Maybe you’re not ready to admit it to yourself yet, but you do crave the intimacy that comes with defining a relationship. You clearly care about this girl. If you didn’t, you would have just dumped her unceremoniously, rather than take the time to write to some random hack on the internet. You’re just telling yourself you can’t be in a relationship right now because of some arbitrary rule that says you can’t commit to being in the moment with someone if you don’t plan on living in the same city as them indefinitely. You did, after all, call her your love interest — not your fly-by-night interest.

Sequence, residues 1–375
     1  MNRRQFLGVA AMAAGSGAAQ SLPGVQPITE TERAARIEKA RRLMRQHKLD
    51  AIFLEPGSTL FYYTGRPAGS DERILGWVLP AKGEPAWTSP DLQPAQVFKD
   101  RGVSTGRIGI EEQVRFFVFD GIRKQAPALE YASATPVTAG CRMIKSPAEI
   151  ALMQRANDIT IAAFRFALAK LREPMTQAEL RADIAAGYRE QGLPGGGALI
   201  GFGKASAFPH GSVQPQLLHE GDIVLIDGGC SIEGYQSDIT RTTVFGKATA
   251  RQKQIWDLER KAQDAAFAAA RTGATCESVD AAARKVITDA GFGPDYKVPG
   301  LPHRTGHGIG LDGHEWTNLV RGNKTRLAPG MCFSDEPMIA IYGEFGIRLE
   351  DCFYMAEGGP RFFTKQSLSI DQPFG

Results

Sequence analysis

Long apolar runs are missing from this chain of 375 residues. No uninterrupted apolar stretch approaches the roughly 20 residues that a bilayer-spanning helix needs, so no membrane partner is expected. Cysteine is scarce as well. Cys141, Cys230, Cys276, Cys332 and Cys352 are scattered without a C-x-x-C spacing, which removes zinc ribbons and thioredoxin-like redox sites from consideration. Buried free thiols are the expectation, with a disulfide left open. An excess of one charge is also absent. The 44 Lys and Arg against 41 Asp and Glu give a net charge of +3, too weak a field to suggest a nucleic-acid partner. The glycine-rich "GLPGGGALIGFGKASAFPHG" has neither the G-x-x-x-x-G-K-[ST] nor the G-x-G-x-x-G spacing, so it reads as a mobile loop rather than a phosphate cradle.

Now, shh, I know exactly what you’re thinking. And by that I mean yes, actually, I can literally read your mind, and that’s how I know what you really want. I know everything. Don’t question it. Just go with it.
If you’re uneasy in love, it’s because love can be totally scary and uncomfortable! And that’s normal and fine and nothing to feel bad about.
I think your best bet would be to accept these circumstances as a linguistic glitch of destiny. Just let go and see where this “relationship” thing takes you. Modern romance is too often stymied by our inability to just commit to being present with each other. Assuming you’re already seeing this girl exclusively, why not just, I don’t know — commit to what you’re already doing?
When (or if) you decide it’s not working for you anymore, that’s when you’ll level with your dame and tell her what’s up. I’m afraid that walking this back now will only speed you along to Breakupville before you’re actually ready for it. How’s that for irony?
To being young and in love,